Monthly Archives: November 2015

Fill your head with learning, leave less room for sadness

The word ‘learn’ comes from the Old English verb ‘leornian’, which meant to learn – or to teach. Interesting that. Until the early 19th century, there wasn’t always a distinction between learning and teaching, and it would have been quite proper grammar to say ‘The teacher learnt the students their lessons’.

Therefore when we hear a thug in a movie telling a victim ‘that’ll learn ya’, it’s actually a throwback to the English of the 19th century.

See what I’ve been doing over the past couple of paragraphs? By looking at the word itself, I hope I’ve demonstrated that learning new things can be rewarding. It also seems highly likely that a willingness to think in new ways, about new things, makes a healthy contribution to maintaining a good state of wellbeing.


Learning comes in all manner of shapes and sizes of course, and it doesn’t necessarily have to involve the formality of a teacher and student.

All that’s required is a thirst to acquire new knowledge, and the recognition that the process is likely to work most effectively when you’re motivated by your interests. If you’ve no appetite for languages, you might not benefit greatly from learning Japanese. But if you enjoy cooking, perhaps you’d love finding out how to prepare sushi or sashimi, say.

Your learning could be how to perform a card trick; how to hang wallpaper; how to play the ukulele; how to write a simple computer program; how to change the ringtone on your phone; how to tell a bedtime story; how to knit; how to grow tomatoes; how to dance the tango; how to darn a sock.

It doesn’t matter. There’s a world of things out there waiting to be learned, and a world of advantage to be had from doing so.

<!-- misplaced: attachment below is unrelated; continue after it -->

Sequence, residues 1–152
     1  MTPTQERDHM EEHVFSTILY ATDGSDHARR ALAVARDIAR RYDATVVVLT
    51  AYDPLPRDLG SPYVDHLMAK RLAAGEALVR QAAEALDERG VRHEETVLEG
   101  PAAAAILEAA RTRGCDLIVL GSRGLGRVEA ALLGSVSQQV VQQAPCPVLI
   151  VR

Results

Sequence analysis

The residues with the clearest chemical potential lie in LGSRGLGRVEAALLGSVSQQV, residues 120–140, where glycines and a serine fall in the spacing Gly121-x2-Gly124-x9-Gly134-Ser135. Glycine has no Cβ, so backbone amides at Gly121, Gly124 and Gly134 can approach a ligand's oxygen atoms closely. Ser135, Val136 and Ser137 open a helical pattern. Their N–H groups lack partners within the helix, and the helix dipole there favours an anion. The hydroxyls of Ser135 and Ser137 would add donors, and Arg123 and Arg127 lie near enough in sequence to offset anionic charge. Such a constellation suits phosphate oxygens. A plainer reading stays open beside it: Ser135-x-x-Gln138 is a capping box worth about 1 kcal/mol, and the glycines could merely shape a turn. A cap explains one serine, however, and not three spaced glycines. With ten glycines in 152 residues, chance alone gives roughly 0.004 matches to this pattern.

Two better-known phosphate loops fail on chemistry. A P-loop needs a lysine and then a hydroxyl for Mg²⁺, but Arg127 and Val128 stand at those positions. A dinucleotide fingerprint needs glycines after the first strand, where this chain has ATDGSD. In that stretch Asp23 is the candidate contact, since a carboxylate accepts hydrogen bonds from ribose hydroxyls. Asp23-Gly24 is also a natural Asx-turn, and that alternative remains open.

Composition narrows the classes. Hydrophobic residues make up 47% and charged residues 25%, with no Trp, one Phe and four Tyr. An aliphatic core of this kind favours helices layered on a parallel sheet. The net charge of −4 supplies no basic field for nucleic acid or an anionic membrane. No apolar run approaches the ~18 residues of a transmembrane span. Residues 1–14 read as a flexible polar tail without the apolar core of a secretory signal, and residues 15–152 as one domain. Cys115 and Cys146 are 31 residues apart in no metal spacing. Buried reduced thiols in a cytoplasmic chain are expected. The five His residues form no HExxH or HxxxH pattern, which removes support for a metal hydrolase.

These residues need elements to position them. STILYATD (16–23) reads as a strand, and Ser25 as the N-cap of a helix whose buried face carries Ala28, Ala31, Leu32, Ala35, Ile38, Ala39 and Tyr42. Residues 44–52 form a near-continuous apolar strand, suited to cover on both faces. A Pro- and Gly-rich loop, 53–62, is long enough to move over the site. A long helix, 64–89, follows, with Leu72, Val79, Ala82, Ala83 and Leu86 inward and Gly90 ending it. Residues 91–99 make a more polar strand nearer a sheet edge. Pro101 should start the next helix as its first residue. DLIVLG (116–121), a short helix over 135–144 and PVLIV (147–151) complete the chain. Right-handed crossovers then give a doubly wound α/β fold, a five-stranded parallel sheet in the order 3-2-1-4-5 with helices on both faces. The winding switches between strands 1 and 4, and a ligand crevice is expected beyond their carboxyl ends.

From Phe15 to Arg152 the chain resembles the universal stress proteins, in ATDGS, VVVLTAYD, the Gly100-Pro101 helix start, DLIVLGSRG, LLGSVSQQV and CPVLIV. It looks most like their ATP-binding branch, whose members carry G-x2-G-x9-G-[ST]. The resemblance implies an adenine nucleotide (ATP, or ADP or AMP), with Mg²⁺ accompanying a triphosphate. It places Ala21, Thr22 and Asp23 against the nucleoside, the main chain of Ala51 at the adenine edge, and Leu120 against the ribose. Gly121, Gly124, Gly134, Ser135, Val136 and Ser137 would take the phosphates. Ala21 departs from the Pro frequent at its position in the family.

Pay attention as though you were an attention millionaire

Interesting, isn’t it, that when we talk about attention, we speak of paying it?

Pay attention.

It’s a rather odd turn of phrase, which suggests that attention has a value (and of this, I’ve no doubt) but also that once you’ve paid it, you no longer actually have it. If I paid you ten dollars, it would be yours rather than mine. What does this mean about the attention you’re giving to this message from me?

Well I’m not sure, but thank you for it in any case. Attention is definitely something that needs to be earned, definitely something never to be taken for granted.


So, in life, what do you get in return for your expenditure of this valuable resource we call attention? I believe you get rather a lot.

Let’s think about what might happen if you went through your day taking no notice of the world around you. Among other things, you’d almost certainly end up wrapped up in your own thoughts which, if you happened to be going through a bad patch, might well be a bad thing.

A lack of awareness of what’s going to be around you today could lead you to either dwell on the past, or to worry about the future – neither of which are necessarily helpful.

Pay attention, however, and you’ll be focused on the present, on the here-and-now, rather than on what’s already gone or what’s still to come.

You might have no money in your pocket, but you do have a certain amount of attention. Spend it wisely and you’re likely to see a real reward. What does this involve? Simply observing – properly – everything you come across during the course of the day.

And thanks again for your attention over the past couple of minutes.

I know, an ironic email about turning off your technology